IN RE: Peter Dinhofer

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Supreme Court, Appellate Division, Second Department, New York.

IN RE: Peter Dinhofer, appellant, v. Marina Zabezhanskaya, respondent.

2009-10415 2009-10416 (Docket No. F-18313-03)

Decided: December 21, 2010

PETER B. SKELOS, J.P. RUTH C. BALKIN JOHN M. LEVENTHAL L. PRISCILLA HALL, JJ. Peter Dinhofer, Brooklyn, N.Y., appellant pro se.

Submitted-December 3, 2010


In a child support proceeding pursuant to Family Court Act article 4, the father appeals (1), as limited by his brief, from so much of an order of the Family Court, Queens County (O'Connor, J.), dated June 19, 2009, as denied his objections to an order of the same court (Hickey, S.M.), dated May 8, 2009, which denied his petition for a downward modification of his child support obligation, and (2) from an order of the same court (O'Connor, J.), dated October 5, 2009, which awarded the mother counsel fees in the sum of $38,811.21.

ORDERED that the order dated June 19, 2009, is affirmed insofar as appealed from, without costs or disbursements;  and it is further,

ORDERED that the order dated October 5, 2009, is affirmed, without costs or disbursements.

A party seeking to modify a child support award has the burden of establishing the existence of a substantial change in circumstances, measured by comparing the payor's financial situation at the time of the application for downward modification with the payor's financial situation at the time of the award which the payor seeks to modify was made (see Matter of Mandelowitz v. Bodden, 68 AD3d 871, 874;  Matter of Talty v. Talty, 42 AD3d 546, 547;  Klapper v. Klapper, 204 A.D.2d 518).   On the father's appeal from the judgment of divorce, this Court determined that $80,000 in annual income should be imputed to him (see Zabezhanskaya v. Dinhofer, 274 A.D.2d 476).   The father failed to meet his burden of establishing a substantial change of circumstances since the time the original award was made.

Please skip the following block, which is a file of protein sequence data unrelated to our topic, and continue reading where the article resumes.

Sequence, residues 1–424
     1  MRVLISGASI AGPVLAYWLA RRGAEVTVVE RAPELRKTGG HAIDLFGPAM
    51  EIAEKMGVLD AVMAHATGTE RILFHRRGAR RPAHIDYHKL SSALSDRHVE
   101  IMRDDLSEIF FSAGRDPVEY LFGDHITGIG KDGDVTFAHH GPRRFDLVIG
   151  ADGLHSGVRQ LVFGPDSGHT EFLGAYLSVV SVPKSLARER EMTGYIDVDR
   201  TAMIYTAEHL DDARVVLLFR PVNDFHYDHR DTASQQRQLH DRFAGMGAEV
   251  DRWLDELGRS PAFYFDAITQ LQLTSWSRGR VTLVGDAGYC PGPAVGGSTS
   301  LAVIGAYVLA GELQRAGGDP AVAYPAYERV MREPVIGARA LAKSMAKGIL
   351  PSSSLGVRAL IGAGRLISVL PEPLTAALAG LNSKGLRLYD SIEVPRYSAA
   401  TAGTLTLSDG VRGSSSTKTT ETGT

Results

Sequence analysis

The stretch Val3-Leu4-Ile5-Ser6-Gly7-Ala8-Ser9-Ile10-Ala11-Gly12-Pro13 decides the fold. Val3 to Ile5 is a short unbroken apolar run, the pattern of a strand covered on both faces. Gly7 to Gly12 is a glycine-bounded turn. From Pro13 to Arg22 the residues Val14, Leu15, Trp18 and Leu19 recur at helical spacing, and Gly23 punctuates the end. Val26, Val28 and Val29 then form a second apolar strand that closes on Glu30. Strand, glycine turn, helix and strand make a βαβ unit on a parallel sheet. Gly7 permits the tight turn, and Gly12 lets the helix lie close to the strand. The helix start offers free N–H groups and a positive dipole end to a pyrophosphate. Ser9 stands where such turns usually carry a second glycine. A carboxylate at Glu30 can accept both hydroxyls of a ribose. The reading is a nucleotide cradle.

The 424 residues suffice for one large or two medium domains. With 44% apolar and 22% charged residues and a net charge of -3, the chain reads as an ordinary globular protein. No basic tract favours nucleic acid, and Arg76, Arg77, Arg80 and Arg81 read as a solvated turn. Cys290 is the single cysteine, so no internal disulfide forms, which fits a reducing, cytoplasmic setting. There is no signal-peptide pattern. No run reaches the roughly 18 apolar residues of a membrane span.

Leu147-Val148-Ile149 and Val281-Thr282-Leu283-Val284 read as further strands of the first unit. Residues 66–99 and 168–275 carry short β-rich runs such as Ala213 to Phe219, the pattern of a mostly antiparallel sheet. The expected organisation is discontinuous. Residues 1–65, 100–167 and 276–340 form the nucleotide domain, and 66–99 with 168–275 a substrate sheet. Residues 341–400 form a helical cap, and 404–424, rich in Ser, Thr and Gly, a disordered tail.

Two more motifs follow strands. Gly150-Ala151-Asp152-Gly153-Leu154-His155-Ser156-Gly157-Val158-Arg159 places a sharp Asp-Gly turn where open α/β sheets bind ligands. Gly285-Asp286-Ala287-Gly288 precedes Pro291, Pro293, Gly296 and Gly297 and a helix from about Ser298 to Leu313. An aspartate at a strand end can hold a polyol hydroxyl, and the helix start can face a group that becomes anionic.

Further, the Family Court providently exercised its discretion in awarding the mother counsel fees pursuant to Family Court Act § 438(a) (see Matter of Nieves-Ford v. Gordon, 47 AD3d 936, 937;  Matter of Simmons v. Simmons, 71 AD3d 775;  Matter of Katz v. Pecora, 39 AD3d 646, 648).   A determination with respect to an award of counsel fees is within the sound discretion of the trial court (see Matter of Sarfaty v. Recine, 57 AD3d 552).   Factors to consider in awarding counsel fees include the parties' ability to pay, the nature and extent of the services rendered, the complexity of the issues involved, and the reasonableness of counsel's performance and the fees under the circumstances (see Matter of Nieves-Ford v. Gordon, 47 AD3d at 937;  Grumet v. Grumet, 37 AD3d 534, 536;  Matter of Musarra v. Musarra, 28 AD3d 668, 669).   Further, the merits of the parties' positions are relevant considerations (see Matter of Finell v. Finell, 25 AD3d 703, 704;  Guiffrida v. Giuffrida, 81 A.D.2d 905).   Under the totality of the circumstances, the award of counsel fees was proper.



Matthew G. Kiernan

Clerk of the Court

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